A 36 year old man has just completed a marathon. He develops chest heaviness, shortness of breath, nausea and feels dizzy and faint. He has no known past medical history and considers himself to be in excellent health, regularly competing in long distance running events.
His current basic observations are normal. This ECG was performed on his arrival in the ED.
- What are the abnormal findings on his ECG?
- What conditions could explain the ECG findings?
- What further diagnostic tests are appropriate?
Reveal the ICE answer
The ECG shows:
- Sinus bradycardia at 54 bpm
- PR interval 200 msec
- Elevated ST segments inferiorly and anteriorly with raised / notched J point
- Slightly concave upward ST segment morphology, except straight in V2
- Voltage criteria for LVH
- Prominent and peaked T waves especially in V2 – 6
These ECG findings could be consistent with acute anterolateral myocardial ischaemia and this needs to be the working diagnosis until proven otherwise. They could also be due to an as yet undiagnosed hypertrophic cardiomyopathy. The most probable cause however is so called “athletes heart”, a benign condition characterised by increased left ventricular muscle mass and cavity size due to athletic conditioning. As well as producing repolarisation abnormalities as seen on this ECG it can also produce bradycardia, first & second degree AV heart block, and RBBB .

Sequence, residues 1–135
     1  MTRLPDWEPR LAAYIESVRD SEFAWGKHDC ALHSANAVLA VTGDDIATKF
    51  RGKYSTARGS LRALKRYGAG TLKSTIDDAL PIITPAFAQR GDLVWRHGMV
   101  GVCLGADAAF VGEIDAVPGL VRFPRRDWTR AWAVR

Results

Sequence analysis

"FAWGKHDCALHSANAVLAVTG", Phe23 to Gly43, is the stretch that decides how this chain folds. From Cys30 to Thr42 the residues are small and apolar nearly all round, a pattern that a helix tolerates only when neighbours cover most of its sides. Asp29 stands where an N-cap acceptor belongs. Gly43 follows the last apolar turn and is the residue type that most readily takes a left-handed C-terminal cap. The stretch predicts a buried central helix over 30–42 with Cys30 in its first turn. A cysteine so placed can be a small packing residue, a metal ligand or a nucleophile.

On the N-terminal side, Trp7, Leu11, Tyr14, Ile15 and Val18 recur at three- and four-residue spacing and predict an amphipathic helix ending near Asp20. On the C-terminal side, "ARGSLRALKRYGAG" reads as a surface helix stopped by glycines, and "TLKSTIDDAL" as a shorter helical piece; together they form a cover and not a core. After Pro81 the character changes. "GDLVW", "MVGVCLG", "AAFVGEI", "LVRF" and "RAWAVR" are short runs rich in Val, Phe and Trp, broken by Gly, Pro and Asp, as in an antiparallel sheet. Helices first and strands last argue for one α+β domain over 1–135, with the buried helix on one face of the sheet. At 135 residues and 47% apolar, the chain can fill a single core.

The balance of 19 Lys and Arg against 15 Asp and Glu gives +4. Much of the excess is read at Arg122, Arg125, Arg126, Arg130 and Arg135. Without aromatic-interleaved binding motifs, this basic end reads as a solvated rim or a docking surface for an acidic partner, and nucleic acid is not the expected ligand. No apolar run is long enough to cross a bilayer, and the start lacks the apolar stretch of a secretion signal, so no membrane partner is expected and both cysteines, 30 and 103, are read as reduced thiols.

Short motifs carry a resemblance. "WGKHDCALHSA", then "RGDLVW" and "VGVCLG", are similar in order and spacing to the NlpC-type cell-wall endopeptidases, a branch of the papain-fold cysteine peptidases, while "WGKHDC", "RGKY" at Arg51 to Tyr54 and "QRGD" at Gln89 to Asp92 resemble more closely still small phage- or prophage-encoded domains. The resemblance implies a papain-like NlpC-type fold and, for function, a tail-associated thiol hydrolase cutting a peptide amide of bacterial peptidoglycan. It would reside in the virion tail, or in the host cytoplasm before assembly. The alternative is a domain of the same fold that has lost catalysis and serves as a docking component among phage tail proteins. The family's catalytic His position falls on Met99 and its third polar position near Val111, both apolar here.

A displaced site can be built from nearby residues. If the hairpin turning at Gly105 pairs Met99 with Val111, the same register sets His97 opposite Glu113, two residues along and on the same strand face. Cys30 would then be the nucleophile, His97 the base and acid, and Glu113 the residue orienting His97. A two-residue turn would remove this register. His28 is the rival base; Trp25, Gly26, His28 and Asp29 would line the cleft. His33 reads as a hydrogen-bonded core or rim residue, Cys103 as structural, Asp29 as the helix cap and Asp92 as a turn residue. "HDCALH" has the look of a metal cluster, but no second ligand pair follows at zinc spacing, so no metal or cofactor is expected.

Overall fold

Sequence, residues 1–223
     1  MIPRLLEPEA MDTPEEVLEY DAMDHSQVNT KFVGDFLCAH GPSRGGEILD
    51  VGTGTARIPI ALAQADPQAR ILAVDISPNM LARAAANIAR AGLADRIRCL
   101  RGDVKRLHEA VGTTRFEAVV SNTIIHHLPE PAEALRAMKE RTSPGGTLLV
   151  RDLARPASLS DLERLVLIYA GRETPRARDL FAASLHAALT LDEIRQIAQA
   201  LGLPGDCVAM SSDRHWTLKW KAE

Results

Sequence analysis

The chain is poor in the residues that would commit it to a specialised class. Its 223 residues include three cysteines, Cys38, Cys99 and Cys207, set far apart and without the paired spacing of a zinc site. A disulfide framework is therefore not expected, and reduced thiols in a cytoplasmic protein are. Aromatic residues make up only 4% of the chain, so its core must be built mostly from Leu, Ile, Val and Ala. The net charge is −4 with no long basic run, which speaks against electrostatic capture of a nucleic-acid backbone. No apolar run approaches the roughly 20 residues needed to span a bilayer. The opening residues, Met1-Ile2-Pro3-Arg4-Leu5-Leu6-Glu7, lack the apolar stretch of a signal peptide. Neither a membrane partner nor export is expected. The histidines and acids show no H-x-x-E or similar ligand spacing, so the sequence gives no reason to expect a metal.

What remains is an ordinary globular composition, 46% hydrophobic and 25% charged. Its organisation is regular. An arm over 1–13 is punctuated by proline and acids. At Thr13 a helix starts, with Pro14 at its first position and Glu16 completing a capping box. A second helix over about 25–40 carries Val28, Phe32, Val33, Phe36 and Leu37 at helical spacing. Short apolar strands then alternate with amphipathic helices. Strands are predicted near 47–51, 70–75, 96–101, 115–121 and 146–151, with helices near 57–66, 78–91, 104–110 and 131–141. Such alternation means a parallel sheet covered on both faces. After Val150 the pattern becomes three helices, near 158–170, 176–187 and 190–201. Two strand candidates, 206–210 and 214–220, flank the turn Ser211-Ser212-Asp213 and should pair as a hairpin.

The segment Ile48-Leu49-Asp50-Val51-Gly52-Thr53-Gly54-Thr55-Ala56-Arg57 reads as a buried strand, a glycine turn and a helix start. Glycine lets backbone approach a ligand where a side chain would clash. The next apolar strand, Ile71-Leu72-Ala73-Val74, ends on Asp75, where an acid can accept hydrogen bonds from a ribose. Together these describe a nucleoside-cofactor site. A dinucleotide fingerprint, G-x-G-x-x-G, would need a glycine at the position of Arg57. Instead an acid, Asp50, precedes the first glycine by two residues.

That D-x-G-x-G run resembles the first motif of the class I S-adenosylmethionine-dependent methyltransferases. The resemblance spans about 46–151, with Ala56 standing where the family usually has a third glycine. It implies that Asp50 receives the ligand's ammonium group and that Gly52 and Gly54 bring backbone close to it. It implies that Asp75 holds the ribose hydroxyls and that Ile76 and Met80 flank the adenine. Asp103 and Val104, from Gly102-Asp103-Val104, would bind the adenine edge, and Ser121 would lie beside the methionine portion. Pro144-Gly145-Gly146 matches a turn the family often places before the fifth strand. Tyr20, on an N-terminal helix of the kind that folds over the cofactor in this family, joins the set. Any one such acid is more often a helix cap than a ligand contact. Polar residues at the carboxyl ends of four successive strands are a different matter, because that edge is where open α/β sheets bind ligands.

Although a troponin would almost certainly be performed in this man it is unlikely to help initially as most endurance athletes have elevated troponins at race end. The most useful test would be an echocardiogram, as this will definitively diagnose hypertrophic cardiomyopathy and the wall motion abnormalities of acute ischaemia. It is particularly important to fully investigate such patients if they have QT prolongation on the ECG or a family history of cardiomyopathy or sudden premature cardiac death.
- ECGpedia – ECGs in Athletes
Ian’s clinical emergencies